Fluoxetine and sertraline stimulate gastric acid secretion via a vagal pathway in anaesthetised rats

Pharmacol Res. 2004 Sep;50(3):309-16. doi: 10.1016/j.phrs.2004.01.010.


The effect of the selective serotonin reuptake inhibitors, fluoxetine and sertraline on basal, secretagogues (histamine or bethanechol)- and distention-stimulated gastric acid secretion was investigated in the urethane-anaesthetised acute gastric fistula rat. Gastric acid secretion was measured by flushing of the gastric contents with saline every 15 min. Fluoxetine (10 or 20 mg kg(-1), i.p.) produced a dose-dependent increase in basal gastric acid secretion. These stimulatory effects were abolished by vagotomy. Intraperitoneally administered sertraline also stimulated gastric acid secretion. The stimulatory effect of lower doses (5 mg kg(-1)) of sertraline was similar to that of the higher (30 mg kg(-1)) doses. The gastric secretory response to i.p. sertraline was long lasting (greater than 60 min), and blocked by vagotomy. Intraperitoneally administered fluoxetine (10 or 20 mg kg(-1)) or sertraline (5 mg kg(-1)) also increased gastric secretion induced by histamine, bethanechol or distention. The fluoxetine or sertraline stimulatory effects of histamine-induced acid secretion were abolished by vagotomy. Data indicate a stimulatory effect for fluoxetine and sertraline mediated by vagal nerve on gastric acid secretion in urethane-anaesthetised rats.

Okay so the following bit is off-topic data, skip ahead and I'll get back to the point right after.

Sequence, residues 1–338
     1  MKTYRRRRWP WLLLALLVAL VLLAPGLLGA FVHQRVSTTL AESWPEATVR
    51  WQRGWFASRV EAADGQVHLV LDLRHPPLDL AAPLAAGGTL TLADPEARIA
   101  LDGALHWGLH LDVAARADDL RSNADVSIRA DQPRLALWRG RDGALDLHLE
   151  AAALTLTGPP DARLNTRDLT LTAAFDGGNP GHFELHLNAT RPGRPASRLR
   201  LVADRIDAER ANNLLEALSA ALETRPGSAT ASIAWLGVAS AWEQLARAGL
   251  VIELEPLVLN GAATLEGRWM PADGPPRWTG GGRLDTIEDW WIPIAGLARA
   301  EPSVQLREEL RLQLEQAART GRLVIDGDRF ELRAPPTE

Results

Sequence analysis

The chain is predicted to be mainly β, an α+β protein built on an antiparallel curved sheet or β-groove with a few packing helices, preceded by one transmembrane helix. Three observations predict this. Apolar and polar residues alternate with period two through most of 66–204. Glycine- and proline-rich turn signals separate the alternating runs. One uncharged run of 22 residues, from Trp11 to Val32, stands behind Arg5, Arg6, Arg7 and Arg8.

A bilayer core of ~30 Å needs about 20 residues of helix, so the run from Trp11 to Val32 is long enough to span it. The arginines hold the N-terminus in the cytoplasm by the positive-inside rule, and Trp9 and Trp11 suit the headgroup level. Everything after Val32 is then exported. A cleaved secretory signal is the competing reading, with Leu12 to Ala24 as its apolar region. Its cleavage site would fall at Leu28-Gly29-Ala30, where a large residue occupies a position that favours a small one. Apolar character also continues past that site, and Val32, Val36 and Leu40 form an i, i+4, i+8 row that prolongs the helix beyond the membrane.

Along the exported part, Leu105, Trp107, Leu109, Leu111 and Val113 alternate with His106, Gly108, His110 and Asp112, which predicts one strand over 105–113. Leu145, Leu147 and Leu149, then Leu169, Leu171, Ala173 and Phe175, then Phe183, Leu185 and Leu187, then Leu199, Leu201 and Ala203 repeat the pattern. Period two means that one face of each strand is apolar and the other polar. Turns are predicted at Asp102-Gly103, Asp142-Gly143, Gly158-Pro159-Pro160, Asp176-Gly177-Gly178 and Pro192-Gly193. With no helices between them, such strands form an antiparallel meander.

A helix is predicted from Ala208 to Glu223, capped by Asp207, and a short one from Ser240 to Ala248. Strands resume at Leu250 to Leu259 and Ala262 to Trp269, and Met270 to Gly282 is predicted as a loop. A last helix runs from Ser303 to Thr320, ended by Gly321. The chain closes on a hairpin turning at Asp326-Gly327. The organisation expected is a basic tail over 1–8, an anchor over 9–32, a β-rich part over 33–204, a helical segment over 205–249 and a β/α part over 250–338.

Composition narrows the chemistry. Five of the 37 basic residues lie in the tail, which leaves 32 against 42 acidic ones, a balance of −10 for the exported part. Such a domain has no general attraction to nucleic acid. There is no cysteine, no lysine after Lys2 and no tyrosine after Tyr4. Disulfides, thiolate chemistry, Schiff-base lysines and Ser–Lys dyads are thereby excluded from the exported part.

Publication types

  • Comparative Study

MeSH terms

  • Anesthesia*
  • Animals
  • Dose-Response Relationship, Drug
  • Female
  • Fluoxetine / pharmacology*
  • Gastric Acid / metabolism*
  • Male
  • Neural Pathways / drug effects
  • Rats
  • Rats, Sprague-Dawley
  • Sertraline / pharmacology*
  • Vagus Nerve / drug effects
  • Vagus Nerve / metabolism*


  • Fluoxetine
  • Sertraline